HISTORY AND MEMORIES OF SHADY GROVE BLUEGRASS FESTIVAL
The Shady Grove Festival was founded in Nanton, Alberta in 1989 by Rosemarie Wishart and her first husband, Ken. Because Rosemary and Ken were members of the Foothills Bluegrass Music Society, they would ask bluegrass bands to come and play in their tea house.
According to Wishart, “the very first festival was in 1990, and it and two more were held on our property in Nanton known as "Wishart Hollow". From these modest beginnings, the bluegrass festival grew - moving, in 1993, to its current location at Bill Gelden’s Broadway Farm, where it enjoyed many years of success.
According to bluegrass aficionado and long-time Shady Grove volunteer Laurie Mills, the death of Rosemary's first husband Ken in December 1996 came close to ending the festival. However, enough volunteers stepped forward to convince Rosemary to keep Shady Grove going - and thankfully she did!
In 2006 the president of the Shady Grove Society, Fay Mascher, and treasurer, Chuck Shifflett, decided to step down from the board and, as no one was willing to replace them, the Society was dissolved. However, in 2007 and 2008 Rosemary and her second husband, Arnold McAulay, arranged and carried out a "Bluegrass Jam at Broadway Farm" on the dates the festival would normally have been held. According to Rosemary, “we would like to think that having these 'Bluegrass Jams' was instrumental in inspiring the Foothills Bluegrass Society to revive the dates as a proper festival again.”
And indeed, since 2009 the Shady Grove Bluegrass Festival, organized by the Foothills Bluegrass Music Society (FBMS), has seen a resurgence in popularity. In Laurie's words, "the Festival for 2012 will be the third one with 'new management' and each year will get bigger and better from here. Attend at Broadway Farm on August 17-18-19 and we’ll prove it to you!!!!"
"I remember sitting around our kitchen table in 1990 with my late husband, Ken, and a couple of Nanton people talking about starting a festival, then deciding to jump right in. Research began by visiting other festivals and phoning people involved. My notebooks were something to behold! It was amazing to see it all come together after months of preparation on a shoestring budget! This was due in large part to fabulous volunteers who were dedicated, generous, patient and loyal, as were my family, the bands and the sound crew. Al Williams and his friendly crew were there from the beginning to help us along. Many of the bands became like family.
The first festival was a one day event at “Wisharts’ Hollow” as it became known, (the band “Cabin Fever” from Lethbridge even wrote a song about it). Early volunteers will remember cleaning three cases of lettuce the night before the festival to sell as salad at the concession. We did everything we could think of to keep the costs down. Ken and I had five outhouses built along the front of our property and they sat there for the three years the festival was inside the Nanton town limits. Nobody ever said anything!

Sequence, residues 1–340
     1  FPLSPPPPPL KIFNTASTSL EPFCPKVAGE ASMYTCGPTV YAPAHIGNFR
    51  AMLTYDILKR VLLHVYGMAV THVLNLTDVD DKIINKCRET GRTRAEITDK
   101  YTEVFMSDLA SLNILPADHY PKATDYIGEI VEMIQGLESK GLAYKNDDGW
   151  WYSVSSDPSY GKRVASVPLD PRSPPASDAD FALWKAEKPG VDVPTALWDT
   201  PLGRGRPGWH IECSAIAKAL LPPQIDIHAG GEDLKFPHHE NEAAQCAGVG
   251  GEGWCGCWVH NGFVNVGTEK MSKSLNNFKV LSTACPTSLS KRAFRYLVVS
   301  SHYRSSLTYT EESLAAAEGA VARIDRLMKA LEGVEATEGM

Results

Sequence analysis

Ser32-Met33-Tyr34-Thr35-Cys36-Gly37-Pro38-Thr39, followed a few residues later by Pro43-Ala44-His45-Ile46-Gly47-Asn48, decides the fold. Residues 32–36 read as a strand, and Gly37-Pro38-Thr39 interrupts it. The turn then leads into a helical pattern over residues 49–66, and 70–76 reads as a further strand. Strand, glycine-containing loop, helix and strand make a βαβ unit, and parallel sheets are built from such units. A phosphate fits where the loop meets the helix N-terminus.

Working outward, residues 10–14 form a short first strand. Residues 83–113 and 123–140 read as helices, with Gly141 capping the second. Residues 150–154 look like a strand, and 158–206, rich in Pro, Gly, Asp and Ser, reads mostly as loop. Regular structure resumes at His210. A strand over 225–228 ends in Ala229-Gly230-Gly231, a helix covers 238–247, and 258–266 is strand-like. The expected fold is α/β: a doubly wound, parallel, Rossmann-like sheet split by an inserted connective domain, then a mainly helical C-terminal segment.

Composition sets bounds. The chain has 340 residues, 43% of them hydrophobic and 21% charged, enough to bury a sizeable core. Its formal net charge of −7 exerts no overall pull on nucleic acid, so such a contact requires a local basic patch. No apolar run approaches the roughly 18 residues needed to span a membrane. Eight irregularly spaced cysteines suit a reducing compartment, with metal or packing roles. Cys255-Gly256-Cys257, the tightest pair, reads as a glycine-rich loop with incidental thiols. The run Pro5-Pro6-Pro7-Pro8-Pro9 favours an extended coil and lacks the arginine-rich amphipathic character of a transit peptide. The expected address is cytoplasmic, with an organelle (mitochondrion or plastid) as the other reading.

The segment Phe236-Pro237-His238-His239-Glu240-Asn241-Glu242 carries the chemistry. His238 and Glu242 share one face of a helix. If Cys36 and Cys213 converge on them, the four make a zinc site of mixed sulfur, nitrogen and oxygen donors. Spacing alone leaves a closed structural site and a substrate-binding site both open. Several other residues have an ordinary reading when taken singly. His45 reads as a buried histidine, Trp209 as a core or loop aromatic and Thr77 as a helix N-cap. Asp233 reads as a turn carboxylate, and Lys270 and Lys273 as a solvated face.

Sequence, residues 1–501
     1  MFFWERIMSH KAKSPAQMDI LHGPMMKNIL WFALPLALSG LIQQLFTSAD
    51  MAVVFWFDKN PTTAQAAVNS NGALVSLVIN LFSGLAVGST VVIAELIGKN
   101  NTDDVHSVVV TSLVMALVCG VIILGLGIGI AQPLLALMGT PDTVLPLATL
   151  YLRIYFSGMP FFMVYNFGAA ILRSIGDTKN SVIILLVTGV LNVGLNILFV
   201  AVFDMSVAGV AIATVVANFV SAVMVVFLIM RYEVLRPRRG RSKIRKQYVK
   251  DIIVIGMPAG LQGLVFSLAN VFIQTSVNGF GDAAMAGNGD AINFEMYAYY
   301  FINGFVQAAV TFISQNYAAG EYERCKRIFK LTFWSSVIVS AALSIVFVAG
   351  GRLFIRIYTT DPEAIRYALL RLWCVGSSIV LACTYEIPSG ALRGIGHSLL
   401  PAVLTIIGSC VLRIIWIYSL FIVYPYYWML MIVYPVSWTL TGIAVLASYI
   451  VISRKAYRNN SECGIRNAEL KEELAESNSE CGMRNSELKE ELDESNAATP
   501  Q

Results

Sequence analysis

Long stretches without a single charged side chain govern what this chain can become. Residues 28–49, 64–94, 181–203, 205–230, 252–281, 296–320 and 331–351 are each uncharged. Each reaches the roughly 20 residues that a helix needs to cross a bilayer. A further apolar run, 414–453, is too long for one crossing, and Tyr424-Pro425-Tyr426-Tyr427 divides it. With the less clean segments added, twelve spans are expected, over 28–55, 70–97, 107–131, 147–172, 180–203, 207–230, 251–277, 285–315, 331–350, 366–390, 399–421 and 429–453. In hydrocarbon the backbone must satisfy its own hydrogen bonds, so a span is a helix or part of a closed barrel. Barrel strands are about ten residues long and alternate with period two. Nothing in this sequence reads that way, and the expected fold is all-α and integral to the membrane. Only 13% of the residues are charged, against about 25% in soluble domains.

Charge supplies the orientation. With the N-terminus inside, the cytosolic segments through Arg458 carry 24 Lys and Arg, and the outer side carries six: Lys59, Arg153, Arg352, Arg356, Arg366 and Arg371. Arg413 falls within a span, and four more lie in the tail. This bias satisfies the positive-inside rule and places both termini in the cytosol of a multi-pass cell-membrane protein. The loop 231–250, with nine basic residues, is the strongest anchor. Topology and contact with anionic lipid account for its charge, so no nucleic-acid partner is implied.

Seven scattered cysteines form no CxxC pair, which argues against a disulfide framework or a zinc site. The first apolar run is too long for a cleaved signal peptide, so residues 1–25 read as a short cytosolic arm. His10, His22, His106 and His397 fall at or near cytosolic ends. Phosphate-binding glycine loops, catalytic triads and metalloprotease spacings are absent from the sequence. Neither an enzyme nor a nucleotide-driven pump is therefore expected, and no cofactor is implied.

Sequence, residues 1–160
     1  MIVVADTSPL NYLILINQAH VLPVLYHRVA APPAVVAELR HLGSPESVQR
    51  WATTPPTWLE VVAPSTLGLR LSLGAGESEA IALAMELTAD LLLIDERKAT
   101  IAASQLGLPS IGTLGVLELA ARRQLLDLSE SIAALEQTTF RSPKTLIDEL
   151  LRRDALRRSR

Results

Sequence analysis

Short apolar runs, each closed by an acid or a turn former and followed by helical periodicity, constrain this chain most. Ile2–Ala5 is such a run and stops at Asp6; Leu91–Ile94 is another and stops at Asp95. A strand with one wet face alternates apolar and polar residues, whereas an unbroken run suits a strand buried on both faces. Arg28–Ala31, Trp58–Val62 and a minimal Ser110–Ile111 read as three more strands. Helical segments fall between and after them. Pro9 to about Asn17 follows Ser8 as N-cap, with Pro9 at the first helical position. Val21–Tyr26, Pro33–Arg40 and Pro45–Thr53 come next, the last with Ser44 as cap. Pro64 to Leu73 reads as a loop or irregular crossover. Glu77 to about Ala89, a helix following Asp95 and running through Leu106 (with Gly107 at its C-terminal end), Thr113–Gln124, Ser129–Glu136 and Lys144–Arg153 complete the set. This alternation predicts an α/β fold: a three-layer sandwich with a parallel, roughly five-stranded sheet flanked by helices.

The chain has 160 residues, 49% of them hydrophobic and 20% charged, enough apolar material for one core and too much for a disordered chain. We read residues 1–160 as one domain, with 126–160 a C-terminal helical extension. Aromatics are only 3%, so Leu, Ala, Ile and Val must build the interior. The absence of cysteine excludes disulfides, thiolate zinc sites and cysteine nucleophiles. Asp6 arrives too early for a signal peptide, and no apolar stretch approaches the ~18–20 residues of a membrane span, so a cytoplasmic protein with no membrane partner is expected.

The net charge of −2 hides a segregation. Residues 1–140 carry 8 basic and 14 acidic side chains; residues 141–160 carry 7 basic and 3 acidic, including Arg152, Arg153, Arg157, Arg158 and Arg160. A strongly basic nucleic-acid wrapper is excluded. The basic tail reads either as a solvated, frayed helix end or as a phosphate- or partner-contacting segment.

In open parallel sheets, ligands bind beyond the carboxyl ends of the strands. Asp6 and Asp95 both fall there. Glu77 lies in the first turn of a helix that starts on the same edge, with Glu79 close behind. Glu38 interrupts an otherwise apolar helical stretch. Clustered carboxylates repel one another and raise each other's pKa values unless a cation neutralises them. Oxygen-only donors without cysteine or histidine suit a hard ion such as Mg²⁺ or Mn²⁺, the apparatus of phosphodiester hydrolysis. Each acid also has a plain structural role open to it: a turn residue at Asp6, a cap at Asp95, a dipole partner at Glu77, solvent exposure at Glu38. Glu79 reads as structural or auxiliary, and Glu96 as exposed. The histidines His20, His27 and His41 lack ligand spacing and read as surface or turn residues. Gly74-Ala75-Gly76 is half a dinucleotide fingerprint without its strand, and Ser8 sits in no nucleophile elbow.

The second and third festivals were three day events and, because sound equipment was left on the outdoor stage overnight, my son, Scott, and his dog were the security guards and slept under the stage.
It was always a thrill to meet the performers and visitors at the festival and to witness the magic that happened, both on stage and off. The late- night jamming was always special. I particularly remember hearing Steve Fisher and Bill Doucette singing Reno and Smiley’s song, “Wall Around Your Heart”, while sitting around the camp fire under a canopy of trees.
At other festivals, we had seen the “green room” and performer hospitality area, so we decided to feed the band members and volunteers. My daughter, Virginia Wishart, was in charge of this and her meals are well remembered!
When the festival moved to Bill and Mary Gelden’s Broadway Farm east of Nanton, the audience and bands were snug and warm in the Blue Sky Pavilion. The whole Gelden family welcomed our group and made us feel at home, which is the feeling we had always promoted. The audience could sit inside in comfort in close proximity to the bands and still view circling hawks or stars in the sky when the roof was pulled back. It felt good to be a part of the spellbound crowd. At the farm, we had more room for workshops which were very popular. Because we promoted the festival as a family event, we had many activities for children. Thanks to teachers like Marilyn and Herb Giesbrecht, Fay Mascher and others, the children learned to participate and were able to go on stage to show off their new skills. Parents never had to worry about their families. At first there was even a friendly goat wandering around to pet.
We promoted the festival everywhere we travelled and even went in local parades, decorating a float of some sort and dressing up as Bill Monroe or Minnie Pearl or in crazy hillbilly costumes. Volunteers made up two outrageous mannequins called Bob and Jenny who always sat on the floats and on the stage.
Ken and I kept all of the letters of appreciation received over the years and many photo albums. These are usually displayed at the festival. I am very happy that the Shady Grove Bluegrass Festival has continued to promote bluegrass music in southern Alberta and that people still enjoy the atmosphere at Broadway Farm.
Shady Grove is a very special event in a very special place."
Ken Wishart and sound tech Al Williams (1995)
Rosemary with Hospitality Coordinator Virginia Wishart (1997)
Rosemary Wishart and Arnold MacAulay (2012)